fulldecent writes: If you are using a MacBook Air, open this webpage and turn your nearest AM radio (you still have one?) to 1580 kHz and listen. It will play music. Other types of computers also work and many users have documented the best frequency to tune it. Even some phones work.
This does NOT require any radio-transmitting hardware, wifi, cellular, or audio capabilities either. It is accomplished by modulating expensive processor calculations and your hardware is allowing electromagnetic radiation to leak which is picked up by the radio. This technique was recently presented at USENIX.
fulldecent writes: This project allows transmission of radio signals from a computer that is otherwise air gapped. Right now this could be useful for playing a quick tune or for pranks. But there are more nefarious uses as this could also be used to exfiltrate information from secure networks. The code is open source at https://github.com/fulldecent/system-bus-radio.
fulldecent writes: Popular photo printing website Artisan State, which specializes in bound photo books mostly for wedding photos or other events, unintentionally makes all its uploaded user photos available publicly for download. This case study shows how their photos are able to be downloaded and things vendors should think about when considering security of seemingly private user content. The case study also discusses how this flaw was reported to the vendor, but unfortunately never fixed. This follows otherarticlesonSlashdot discussing security disclosure. How do you report vulnerabilities to vendors? And do you support publishing them if they are not fixed in a reasonable time?
fulldecent writes: Technology online changes fast and large organizations often make poor implementations of this technology leading to security vulnerabilities. Some of the failures are egregious like websites that use a user ID in the URL to authenticate that user, and other take a little curiosity to find. Either way, they will be found. The people on Slashdot, I feel, are more likely to want to report this to the vendor and do these things for sport. Personally I take the smaller ones and mail a letter to the vendor and then post online in a few weeks. For bigger ones I wind up in high-pressure phone calls with "private public partnership" agencies, end up signing something unfavorable and the resolution still feels bad.
So, who out there is responsibly disclosing vulnerabilities? Are you getting public credit? Are you involved in (and getting paid for?) for a technical fix? Are you feeling good about the result? Do the rules still apply for state-protected industries like banks? And which lawyers provide advice to the finders, who are just normal people and don't have money and expertise dealing with lawyers?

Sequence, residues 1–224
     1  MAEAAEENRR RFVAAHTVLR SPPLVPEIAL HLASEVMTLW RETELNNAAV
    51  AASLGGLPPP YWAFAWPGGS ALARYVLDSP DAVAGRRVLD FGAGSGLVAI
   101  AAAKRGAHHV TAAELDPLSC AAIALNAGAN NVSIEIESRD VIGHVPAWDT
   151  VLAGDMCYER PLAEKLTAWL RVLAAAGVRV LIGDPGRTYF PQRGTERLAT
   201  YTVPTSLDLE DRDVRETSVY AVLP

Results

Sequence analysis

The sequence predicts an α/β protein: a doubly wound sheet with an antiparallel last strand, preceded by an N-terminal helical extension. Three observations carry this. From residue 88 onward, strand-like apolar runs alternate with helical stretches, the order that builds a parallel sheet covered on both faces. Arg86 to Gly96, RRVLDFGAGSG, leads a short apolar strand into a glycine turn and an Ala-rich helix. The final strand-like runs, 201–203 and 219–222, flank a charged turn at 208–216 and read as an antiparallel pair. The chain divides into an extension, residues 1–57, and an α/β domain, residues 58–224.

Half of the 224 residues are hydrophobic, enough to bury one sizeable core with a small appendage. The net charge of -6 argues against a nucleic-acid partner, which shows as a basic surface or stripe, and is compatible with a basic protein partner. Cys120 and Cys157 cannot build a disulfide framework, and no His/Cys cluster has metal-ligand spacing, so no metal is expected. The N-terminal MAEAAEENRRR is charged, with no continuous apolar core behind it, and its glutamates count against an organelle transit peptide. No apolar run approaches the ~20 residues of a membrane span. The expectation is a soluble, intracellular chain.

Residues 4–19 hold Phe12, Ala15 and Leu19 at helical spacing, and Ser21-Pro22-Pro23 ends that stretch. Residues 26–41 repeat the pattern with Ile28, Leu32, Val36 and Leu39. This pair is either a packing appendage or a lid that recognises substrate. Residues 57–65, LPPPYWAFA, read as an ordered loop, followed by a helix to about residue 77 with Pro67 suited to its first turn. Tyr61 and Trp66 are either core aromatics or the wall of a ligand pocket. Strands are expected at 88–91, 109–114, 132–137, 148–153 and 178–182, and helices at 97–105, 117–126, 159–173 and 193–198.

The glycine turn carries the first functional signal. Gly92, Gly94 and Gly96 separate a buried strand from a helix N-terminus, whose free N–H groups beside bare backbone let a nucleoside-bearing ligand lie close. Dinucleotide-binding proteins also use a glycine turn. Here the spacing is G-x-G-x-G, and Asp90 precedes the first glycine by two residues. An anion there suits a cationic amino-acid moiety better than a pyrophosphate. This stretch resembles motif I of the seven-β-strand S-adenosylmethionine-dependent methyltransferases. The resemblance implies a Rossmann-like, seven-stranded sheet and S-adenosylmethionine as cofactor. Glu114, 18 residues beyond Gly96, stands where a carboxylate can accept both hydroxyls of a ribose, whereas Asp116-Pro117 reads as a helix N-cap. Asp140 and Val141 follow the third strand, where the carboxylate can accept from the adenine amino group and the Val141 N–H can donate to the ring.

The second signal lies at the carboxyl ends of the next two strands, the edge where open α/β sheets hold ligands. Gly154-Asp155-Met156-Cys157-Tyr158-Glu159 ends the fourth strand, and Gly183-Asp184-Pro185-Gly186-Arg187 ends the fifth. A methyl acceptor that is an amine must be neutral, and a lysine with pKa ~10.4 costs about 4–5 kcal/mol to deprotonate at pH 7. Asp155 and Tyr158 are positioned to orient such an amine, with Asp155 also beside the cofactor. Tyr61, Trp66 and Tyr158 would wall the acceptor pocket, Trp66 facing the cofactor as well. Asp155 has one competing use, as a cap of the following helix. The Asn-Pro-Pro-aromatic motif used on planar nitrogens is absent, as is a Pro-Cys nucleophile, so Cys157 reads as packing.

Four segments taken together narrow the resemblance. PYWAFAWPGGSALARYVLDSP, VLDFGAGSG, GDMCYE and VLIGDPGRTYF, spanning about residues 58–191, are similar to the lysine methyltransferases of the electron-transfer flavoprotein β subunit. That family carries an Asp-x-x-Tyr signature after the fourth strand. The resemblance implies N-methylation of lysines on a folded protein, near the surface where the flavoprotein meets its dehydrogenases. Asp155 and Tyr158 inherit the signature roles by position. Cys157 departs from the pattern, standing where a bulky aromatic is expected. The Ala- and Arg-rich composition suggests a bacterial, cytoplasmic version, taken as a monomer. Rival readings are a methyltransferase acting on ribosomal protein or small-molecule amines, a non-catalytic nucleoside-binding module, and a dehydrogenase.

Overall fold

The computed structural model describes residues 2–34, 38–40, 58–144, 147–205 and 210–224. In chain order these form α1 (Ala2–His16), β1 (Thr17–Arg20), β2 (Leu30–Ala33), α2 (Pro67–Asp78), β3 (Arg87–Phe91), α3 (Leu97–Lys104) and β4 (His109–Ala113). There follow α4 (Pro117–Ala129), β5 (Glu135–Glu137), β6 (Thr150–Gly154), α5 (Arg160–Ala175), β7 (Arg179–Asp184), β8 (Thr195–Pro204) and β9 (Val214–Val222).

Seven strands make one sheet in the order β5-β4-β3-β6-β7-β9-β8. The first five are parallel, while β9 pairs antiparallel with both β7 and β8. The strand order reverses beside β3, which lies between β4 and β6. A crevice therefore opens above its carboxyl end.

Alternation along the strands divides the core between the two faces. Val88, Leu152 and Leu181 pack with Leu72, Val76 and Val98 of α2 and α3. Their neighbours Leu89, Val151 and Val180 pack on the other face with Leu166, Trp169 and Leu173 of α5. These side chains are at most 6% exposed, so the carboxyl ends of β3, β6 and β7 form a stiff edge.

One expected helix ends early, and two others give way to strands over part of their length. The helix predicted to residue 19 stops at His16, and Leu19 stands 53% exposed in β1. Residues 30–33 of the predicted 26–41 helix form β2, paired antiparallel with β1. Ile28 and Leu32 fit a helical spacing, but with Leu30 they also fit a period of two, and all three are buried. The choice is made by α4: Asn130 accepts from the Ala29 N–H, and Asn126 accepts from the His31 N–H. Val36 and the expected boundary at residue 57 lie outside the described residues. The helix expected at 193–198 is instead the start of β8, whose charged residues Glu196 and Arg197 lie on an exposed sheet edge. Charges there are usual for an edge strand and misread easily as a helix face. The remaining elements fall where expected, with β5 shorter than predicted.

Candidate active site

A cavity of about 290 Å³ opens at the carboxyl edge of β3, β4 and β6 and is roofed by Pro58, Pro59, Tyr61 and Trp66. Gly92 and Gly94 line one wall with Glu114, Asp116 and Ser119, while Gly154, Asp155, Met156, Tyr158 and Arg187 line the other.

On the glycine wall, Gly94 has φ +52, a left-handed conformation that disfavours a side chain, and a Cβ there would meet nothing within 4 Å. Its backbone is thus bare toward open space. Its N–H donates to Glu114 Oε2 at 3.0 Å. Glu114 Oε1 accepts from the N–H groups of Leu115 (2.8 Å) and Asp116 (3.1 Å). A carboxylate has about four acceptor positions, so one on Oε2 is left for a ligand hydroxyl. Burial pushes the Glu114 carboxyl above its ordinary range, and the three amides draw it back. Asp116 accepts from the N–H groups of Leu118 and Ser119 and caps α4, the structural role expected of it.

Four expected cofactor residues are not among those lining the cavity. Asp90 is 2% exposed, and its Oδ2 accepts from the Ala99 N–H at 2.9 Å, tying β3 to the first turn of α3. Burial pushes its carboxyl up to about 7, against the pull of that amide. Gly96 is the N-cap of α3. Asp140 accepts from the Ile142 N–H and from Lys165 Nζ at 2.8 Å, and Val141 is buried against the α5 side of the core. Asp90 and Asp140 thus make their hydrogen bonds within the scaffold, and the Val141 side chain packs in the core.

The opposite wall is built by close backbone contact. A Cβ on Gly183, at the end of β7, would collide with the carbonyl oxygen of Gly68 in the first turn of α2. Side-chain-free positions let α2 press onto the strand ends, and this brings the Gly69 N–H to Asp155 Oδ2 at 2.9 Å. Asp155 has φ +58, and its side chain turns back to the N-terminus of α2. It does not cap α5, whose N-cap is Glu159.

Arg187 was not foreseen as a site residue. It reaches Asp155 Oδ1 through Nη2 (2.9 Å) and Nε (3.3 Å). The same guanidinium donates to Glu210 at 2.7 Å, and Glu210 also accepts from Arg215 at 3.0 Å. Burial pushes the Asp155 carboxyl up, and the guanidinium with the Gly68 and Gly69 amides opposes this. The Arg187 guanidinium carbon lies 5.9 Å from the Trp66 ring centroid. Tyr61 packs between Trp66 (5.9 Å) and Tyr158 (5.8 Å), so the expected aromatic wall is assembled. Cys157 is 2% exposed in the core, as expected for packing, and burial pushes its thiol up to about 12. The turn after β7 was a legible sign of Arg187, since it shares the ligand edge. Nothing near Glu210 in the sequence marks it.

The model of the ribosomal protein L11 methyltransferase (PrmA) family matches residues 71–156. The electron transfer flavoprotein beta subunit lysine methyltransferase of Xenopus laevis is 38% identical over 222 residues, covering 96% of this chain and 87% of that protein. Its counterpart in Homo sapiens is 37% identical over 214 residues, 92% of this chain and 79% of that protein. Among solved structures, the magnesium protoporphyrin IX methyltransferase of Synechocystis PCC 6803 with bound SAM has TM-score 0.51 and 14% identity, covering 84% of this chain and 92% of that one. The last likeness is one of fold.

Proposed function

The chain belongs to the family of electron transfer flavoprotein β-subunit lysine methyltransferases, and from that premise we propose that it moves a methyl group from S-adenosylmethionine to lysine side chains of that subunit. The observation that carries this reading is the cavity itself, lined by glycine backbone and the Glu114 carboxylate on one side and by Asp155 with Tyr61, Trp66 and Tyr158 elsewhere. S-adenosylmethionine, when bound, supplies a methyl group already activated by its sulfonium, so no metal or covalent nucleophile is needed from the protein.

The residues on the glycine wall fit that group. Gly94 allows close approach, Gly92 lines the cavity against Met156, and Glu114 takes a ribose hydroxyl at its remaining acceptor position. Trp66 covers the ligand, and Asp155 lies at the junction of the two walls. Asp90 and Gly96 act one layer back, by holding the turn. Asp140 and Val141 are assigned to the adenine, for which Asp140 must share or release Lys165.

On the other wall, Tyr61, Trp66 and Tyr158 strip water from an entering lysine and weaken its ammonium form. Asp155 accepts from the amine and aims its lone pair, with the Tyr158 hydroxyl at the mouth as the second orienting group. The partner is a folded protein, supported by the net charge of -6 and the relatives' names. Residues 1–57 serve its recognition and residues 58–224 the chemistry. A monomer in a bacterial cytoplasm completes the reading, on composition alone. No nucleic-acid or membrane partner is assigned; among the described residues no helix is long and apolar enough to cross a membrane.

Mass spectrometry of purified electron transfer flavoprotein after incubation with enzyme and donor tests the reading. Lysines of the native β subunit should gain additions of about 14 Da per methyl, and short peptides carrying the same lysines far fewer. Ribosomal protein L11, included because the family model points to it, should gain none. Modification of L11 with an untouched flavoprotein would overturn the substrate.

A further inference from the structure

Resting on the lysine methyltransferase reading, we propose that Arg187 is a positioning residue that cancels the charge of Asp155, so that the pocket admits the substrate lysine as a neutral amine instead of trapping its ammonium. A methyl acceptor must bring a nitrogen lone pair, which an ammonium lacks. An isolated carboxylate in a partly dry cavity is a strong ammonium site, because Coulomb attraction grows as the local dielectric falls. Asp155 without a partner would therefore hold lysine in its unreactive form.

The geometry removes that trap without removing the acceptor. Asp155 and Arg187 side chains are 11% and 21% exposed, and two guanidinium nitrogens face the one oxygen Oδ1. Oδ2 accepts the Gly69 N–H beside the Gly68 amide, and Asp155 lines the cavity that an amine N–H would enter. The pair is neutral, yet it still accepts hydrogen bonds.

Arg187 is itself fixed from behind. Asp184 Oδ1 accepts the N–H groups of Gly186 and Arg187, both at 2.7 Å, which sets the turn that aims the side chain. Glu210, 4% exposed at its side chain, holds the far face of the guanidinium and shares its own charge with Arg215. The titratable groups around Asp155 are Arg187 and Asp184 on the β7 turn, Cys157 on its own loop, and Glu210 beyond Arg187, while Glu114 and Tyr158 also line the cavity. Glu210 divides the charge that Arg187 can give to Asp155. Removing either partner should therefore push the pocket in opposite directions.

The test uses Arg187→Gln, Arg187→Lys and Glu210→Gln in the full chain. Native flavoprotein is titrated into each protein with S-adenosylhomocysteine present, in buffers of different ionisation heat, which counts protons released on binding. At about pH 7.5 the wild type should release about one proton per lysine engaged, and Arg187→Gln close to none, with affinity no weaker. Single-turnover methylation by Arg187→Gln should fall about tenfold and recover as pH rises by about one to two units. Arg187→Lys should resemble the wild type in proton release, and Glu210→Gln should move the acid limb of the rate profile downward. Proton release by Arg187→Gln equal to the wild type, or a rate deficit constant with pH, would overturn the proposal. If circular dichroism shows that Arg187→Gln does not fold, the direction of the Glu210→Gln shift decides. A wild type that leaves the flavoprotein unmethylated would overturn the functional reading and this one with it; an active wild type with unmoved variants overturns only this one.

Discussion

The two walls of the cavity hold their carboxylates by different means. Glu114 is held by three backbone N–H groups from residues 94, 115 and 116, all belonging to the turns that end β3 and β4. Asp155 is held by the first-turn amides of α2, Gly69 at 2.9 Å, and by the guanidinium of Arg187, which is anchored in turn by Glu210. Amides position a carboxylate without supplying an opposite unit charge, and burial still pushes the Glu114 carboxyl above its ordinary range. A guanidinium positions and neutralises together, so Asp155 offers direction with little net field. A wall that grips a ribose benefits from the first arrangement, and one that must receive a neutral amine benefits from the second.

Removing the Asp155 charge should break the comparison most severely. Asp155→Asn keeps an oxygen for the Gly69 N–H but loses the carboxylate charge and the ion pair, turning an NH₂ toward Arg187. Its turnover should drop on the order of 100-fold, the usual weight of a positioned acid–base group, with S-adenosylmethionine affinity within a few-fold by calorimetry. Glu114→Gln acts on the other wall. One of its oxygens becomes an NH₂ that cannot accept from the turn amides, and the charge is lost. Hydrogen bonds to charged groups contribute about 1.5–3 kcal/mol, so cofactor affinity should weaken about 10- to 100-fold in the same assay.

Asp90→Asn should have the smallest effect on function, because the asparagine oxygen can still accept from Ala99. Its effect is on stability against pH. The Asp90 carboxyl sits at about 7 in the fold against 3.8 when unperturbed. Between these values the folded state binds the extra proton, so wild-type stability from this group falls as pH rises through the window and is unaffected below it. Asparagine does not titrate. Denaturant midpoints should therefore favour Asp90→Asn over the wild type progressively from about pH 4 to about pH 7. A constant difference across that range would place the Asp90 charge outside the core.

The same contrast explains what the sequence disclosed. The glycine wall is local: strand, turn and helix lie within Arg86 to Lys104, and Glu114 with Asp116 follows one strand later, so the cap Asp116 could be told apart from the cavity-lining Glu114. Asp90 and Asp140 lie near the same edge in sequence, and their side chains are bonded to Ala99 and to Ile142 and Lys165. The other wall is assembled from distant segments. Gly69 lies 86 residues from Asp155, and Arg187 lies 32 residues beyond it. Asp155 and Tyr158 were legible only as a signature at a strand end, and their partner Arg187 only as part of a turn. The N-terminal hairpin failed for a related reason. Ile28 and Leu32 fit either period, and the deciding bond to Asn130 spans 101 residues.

fulldecent writes: The New Hampshire Supreme Court heard oral arguments Wednesday in a lawsuit that calls into question the legal protections available to independent Web sites that cover news.
The case involves mortgage lender Implode-Explode, a Las Vegas-based site launched in 2007 that publishes stories about the meltdown of the mortgage industry. The court did not make a final decision on the case Wednesday, but one of its options could be to send the case back to the lower court for further review and litigation on specific points of law.
fulldecent writes: A thin Canadian woman, who has made a career of renting out her body as a clothes horse for designer garments, has taken umbrage at an anonymous blogger's description of her as a skank, ho and whore.
fulldecent writes: "It is important to make your articles are reachable to non-technical audiences. This article uses a comic to demonstrate a simple HTTP interaction and why the technical details are important. The underlying post talks about TD Ameritrade and how they are selling users' financial information to News Corp via a cross-site image fetch."
fulldecent writes: "On June 11, 2007, Verizon Online will begin the trial of a new Advanced Web Search service designed to reduce the amount of dead-end, "no file exists" or similar error messages you see and to help you quickly find the destination web site you were seeking. If you type a nonexistent or unavailable URL (e.g., www.verizon.cmo), or enter a search term, into your browser address bar, Verizon may present you with an Advanced Web Search page containing suggested links based upon the query you entered. The Advanced Web Search page would be presented instead of your receiving an NXDOMAIN or similar error message. The Verizon Advanced Web Search page may impact applications that rely on an NXDOMAIN or similar error message and may override similar browser-based search results pages. If you would prefer not to receive Advanced Web Search pages from Verizon, you should follow the opt-out instructions that are available by clicking on the "About the Search Results Page" link on any Advanced Web Search page."